Study helps to better understand disease caused by Alpha-1 antitrypsin deficiency

The disease consists of a production deficit of Alpha-1 antitrypsin, which is produced in the liver. The main role of this protein is to protect the lungs from degradation or inflammation caused by infections that attach lung tissue, as well as from external agents such a tobacco or pollution. From the liver, Alpha-1 antitrypsin travels to the lungs through the blood stream. However, if this transfer does not take place properly, its accumulation can cause liver diseases, as well as lung problems such as emphysema. This disease, according to the study, is under-diagnosed to the point that almost 90% of those who have it are unaware.

The article was created with the collaboration of members from the Department of Paediatrics, Obstetrics and Gynaecology, as well as Physology, of the Universitat de València, of Madrid's Carlos III Health Institute, the Vall de Hebrón hospital and Health Research Institute INCLIVA. Its goal is to help researchers and medical specialists to better understand this disease, which would facilitate research, prevent cases of erroneous diagnosis and increase treatment efficiency.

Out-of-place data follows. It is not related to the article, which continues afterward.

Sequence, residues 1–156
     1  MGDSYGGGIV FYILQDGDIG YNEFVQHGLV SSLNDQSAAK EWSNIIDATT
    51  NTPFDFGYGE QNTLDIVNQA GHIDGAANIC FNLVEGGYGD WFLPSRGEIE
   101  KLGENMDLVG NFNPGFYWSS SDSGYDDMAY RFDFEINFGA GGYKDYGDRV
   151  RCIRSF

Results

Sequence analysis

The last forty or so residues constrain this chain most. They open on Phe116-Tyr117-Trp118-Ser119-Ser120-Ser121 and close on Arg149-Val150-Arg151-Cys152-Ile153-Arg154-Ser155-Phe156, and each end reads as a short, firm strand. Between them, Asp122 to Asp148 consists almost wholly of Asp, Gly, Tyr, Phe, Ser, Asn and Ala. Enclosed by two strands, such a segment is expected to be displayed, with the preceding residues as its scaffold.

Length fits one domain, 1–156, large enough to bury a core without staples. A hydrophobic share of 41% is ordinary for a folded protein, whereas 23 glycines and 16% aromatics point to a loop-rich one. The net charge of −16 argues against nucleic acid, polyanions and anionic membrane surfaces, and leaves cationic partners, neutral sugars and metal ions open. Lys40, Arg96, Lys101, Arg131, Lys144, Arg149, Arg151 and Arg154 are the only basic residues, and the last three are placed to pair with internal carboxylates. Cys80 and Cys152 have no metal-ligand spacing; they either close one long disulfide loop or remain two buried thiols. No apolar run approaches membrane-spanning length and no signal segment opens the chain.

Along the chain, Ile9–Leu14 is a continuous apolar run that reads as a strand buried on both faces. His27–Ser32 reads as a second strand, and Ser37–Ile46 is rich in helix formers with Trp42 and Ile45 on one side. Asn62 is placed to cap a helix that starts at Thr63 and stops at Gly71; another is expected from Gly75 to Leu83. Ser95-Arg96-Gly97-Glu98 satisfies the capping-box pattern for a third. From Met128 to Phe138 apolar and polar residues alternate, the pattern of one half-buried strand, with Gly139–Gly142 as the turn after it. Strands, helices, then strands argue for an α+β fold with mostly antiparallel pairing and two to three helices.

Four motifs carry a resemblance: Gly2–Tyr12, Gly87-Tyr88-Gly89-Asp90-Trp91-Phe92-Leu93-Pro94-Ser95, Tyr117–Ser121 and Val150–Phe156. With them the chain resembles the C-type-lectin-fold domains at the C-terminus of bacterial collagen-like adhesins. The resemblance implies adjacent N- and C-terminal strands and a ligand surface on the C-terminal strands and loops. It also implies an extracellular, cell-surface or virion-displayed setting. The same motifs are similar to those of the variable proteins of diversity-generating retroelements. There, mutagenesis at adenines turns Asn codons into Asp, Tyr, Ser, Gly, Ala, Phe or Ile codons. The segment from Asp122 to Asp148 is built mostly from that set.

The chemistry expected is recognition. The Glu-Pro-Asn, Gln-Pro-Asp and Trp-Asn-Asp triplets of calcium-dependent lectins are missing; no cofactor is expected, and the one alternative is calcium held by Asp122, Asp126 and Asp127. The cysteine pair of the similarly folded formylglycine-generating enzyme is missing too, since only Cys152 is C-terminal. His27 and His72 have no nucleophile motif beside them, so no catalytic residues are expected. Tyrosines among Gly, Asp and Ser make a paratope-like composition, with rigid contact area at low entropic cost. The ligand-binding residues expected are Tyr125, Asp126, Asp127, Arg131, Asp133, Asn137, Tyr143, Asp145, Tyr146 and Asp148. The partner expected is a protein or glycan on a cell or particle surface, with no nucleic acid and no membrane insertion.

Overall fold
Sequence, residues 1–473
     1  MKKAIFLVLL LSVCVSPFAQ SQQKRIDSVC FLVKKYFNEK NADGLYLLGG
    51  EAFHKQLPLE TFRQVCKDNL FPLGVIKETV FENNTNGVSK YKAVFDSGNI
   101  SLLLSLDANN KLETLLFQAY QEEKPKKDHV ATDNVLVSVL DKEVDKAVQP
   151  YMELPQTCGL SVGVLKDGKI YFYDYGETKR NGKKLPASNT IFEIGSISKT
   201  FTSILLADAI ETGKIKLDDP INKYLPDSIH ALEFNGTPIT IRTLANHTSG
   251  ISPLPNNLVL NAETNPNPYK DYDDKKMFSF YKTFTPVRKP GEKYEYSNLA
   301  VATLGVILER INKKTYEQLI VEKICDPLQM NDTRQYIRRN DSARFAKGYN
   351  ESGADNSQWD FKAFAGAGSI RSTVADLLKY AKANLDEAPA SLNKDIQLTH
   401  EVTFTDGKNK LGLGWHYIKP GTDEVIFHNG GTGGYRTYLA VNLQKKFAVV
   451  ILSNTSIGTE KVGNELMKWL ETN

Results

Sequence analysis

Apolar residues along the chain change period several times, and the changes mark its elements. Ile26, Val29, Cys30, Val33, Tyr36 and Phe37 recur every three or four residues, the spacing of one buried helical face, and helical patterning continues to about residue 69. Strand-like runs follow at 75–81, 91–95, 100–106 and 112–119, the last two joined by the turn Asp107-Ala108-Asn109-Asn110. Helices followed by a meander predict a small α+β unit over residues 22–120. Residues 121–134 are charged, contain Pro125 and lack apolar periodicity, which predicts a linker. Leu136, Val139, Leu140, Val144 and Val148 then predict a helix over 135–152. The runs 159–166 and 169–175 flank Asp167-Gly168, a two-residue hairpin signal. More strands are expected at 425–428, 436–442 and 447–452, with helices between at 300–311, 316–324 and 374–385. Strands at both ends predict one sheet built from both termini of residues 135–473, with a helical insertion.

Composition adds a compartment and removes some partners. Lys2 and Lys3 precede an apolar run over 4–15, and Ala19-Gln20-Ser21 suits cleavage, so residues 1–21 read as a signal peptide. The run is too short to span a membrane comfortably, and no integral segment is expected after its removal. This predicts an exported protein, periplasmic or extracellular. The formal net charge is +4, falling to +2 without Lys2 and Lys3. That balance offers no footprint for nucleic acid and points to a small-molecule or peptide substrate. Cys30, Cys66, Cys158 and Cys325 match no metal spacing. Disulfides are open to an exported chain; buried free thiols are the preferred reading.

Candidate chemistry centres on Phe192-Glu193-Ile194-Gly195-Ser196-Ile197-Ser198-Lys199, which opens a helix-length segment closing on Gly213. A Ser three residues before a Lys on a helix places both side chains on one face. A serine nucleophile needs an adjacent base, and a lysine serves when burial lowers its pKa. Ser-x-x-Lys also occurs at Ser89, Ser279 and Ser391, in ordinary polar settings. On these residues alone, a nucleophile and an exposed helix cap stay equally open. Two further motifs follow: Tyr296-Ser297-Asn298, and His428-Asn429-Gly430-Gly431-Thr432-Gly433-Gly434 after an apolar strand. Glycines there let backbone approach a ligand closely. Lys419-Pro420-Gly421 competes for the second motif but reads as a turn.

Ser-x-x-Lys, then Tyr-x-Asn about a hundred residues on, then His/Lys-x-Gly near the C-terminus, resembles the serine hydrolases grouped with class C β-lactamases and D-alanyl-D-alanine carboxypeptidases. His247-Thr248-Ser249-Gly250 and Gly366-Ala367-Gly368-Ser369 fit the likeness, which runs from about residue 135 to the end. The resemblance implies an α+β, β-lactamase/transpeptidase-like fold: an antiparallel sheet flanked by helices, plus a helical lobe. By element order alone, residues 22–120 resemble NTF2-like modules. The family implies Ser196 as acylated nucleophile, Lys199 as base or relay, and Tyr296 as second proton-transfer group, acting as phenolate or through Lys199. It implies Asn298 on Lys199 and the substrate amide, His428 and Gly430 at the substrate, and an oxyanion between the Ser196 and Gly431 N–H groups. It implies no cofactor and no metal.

This compilation has added as a novelty a specific chapter on how this disease affects children of a paediatric age, as well as taking into account the latest research on epigenetics and biomarkers, as well as future therapeutic approaches, including research into gene editing.

Furthermore, the study also wanted to highlight the clinic efficiency of replacement therapy, which has been called into question in some countries due to the low number of clinical trials that have been carried out, which makes national health agencies not want to pay for these treatments. This forces patients to pay for their own medication.

One of the main treatment difficulties that the deficit of Alpha-1 antitrypsin raises, according to the study, is the clinical variability that patients exhibit. While some never show any symptoms throughout their lifetime, others develop symptomatology in their childhood, during puberty or when they are young adults.

For this reason, in accordance with the group that carried out the study, there is a need for biomarkers that prognosticate and facilitate the prediction of the disease's progression or its treatment. This will increase understanding of the affected molecular mechanisms.

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